When the world gets closer.

We help you see farther.

Sign up to our expressly international daily newsletter.

Clinton supporters in San Diego, CA, on June 2
Clinton supporters in San Diego, CA, on June 2
Worldcrunch

If foreign endorsements are any reflection of the quality of the U.S. presidential campaign, we are most certainly doomed.

Democrat Bernie Sanders, who is facing a do-or-die party primary in California on June 7, got the helpful support of Venezuelan President Nicolás Maduro. The Latin American leader, himself facing angry calls for his ouster, has presided over an economic crisis in which his government has shuttered schools as well as cut water, electricity and phone service. Venezuela's El Universal reports that the embattled president referred to Sanders, the self-declared socialist senator from Vermont, as "our revolutionary friend."

"If the elections were free, Sanders would be president of the United States … because the people are looking for a change," said Maduro, who knows a thing or two about people looking for a change.

Back on the campaign trail in California, Sanders could hardly be blamed for quietly ignoring the endorsement.

A day later, presumptive Republican nominee Donald Trump got a stellar endorsement from another quarter of the globe. North Korea — that bastion of democratic values — backed Trump, with propaganda website DPRK Today praising him as "not the rough-talking, screwy, ignorant candidate they say he is," but "actually a wise politician and a prescient presidential candidate."

Well, if North Korea said it, it must be true.

Keep reading... Show less
You've reached your monthly limit of free articles.
To read the full article, please subscribe.
Get unlimited access. Support Worldcrunch's unique mission:
  • Exclusive coverage from the world's top sources, in English for the first time.
  • Stories from the best international journalists.
  • Insights from the widest range of perspectives, languages and countries
Already a subscriber? Log in

When the world gets closer, we help you see farther

Sign up to our expressly international daily newsletter!
Coronavirus

The Main COVID Risk Now: Long COVID

Death rates are down, masks are off, but many who have been infected by COVID have still not recovered. Long COVID continues to be hard to diagnose and treatments are still in the developmental stage.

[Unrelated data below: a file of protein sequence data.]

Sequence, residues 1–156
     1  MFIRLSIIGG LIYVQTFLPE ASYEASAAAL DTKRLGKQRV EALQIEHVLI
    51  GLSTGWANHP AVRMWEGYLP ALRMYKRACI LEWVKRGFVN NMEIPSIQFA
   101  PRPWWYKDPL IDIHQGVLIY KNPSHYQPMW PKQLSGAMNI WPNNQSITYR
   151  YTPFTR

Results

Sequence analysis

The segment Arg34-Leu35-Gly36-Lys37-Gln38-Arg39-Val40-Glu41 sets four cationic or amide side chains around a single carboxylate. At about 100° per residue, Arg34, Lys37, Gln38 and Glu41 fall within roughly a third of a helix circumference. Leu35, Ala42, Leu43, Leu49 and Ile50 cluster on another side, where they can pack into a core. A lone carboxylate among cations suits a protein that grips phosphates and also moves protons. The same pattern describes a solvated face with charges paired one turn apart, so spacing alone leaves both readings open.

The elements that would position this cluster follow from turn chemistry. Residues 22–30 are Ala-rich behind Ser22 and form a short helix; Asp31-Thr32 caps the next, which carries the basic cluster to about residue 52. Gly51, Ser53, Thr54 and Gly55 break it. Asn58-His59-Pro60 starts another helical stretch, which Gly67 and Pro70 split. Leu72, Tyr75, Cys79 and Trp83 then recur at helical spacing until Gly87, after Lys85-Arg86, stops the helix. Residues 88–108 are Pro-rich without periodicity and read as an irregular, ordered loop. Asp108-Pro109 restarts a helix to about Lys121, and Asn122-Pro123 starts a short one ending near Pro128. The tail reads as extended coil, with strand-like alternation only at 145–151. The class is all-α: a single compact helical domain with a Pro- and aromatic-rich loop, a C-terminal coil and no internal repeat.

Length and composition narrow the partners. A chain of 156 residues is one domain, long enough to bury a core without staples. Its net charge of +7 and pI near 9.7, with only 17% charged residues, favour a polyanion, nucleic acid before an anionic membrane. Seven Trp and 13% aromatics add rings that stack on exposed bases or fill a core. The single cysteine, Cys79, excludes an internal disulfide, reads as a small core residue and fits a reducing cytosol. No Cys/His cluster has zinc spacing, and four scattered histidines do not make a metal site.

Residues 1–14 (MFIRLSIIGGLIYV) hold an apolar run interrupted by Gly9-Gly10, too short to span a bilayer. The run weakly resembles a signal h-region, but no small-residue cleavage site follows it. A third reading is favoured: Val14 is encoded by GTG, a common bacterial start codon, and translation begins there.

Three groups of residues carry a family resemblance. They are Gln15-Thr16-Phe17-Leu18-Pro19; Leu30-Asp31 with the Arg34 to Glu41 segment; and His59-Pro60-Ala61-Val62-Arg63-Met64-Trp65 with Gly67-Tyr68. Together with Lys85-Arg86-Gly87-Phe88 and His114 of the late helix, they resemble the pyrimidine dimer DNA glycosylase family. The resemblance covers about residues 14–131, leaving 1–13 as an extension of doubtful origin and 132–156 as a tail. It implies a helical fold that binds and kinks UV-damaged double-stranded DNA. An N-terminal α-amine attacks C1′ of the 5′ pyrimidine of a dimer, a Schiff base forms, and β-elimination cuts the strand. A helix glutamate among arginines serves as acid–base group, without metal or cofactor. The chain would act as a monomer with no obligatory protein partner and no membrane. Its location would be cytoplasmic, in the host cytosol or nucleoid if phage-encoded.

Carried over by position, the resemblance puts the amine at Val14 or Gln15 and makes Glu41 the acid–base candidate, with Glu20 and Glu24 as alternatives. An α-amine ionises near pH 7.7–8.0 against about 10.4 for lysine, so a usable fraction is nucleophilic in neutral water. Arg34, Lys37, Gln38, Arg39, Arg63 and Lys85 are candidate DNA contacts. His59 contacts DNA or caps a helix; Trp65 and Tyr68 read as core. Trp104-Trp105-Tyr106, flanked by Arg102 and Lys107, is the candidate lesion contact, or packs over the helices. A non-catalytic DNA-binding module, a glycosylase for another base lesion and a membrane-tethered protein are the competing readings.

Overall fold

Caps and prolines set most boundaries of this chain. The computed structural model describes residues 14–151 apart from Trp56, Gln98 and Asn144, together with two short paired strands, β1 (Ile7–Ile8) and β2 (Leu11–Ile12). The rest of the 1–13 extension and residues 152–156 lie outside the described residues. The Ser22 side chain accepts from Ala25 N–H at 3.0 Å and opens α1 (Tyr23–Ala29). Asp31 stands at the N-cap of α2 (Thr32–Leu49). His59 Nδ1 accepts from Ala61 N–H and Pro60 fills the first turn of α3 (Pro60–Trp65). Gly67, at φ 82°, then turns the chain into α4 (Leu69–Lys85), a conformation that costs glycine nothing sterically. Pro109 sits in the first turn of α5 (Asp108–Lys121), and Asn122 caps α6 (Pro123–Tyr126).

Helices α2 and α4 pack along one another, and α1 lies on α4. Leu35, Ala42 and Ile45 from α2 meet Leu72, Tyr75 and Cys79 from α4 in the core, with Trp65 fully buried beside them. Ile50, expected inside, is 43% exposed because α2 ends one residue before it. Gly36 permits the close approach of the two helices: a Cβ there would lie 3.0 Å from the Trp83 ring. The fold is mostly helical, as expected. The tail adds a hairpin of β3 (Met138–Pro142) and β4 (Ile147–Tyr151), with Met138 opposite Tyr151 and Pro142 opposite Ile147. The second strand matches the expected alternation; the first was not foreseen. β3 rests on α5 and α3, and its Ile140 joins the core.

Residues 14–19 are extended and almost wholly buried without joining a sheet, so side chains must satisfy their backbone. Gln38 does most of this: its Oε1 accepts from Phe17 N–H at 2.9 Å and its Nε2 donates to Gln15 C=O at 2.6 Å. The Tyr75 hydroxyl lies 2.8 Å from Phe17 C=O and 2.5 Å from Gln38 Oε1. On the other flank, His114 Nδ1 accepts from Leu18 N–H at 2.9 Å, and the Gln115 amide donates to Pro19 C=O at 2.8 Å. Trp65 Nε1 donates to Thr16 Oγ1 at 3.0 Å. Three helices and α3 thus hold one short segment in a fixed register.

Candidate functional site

Long COVID feels like a never-ending nightmare for those who suffer from it.

Jessica Berthereau

PARIS — The medical examination took longer than expected in the Parc de Castelnau-le-Lez clinic, near the southern French city of Montpellier. Jocelyne had come to see a specialist for long COVID-19, and exits the appointment slowly with help from her son. The meeting lasted more than an hour, twice as long as planned.

“I’m a fighter, you know, I’ve done a lot of things in my life, I’ve been around the world twice… I’m not saying this to brag, but to tell you my background," says the 40-year-old. "These days, I’m exhausted, I’m not hungry, I no longer drive, I can’t work anymore, I have restless legs syndrome.” She pauses before adding sadly: “I can’t read anymore either.”

Keep reading... Show less

When the world gets closer, we help you see farther

Sign up to our expressly international daily newsletter!
You've reached your monthly limit of free articles.
To read the full article, please subscribe.
Get unlimited access. Support Worldcrunch's unique mission:
  • Exclusive coverage from the world's top sources, in English for the first time.
  • Stories from the best international journalists.
  • Insights from the widest range of perspectives, languages and countries
Already a subscriber? Log in
THE LATEST
FOCUS
TRENDING TOPICS

Central to the tragic absurdity of this war is the question of language. Vladimir Putin has repeated that protecting ethnic Russians and the Russian-speaking populations of Ukraine was a driving motivation for his invasion.

Yet one month on, a quick look at the map shows that many of the worst-hit cities are those where Russian is the predominant language: Kharkiv, Odesa, Kherson.

Watch Video Show less
MOST READ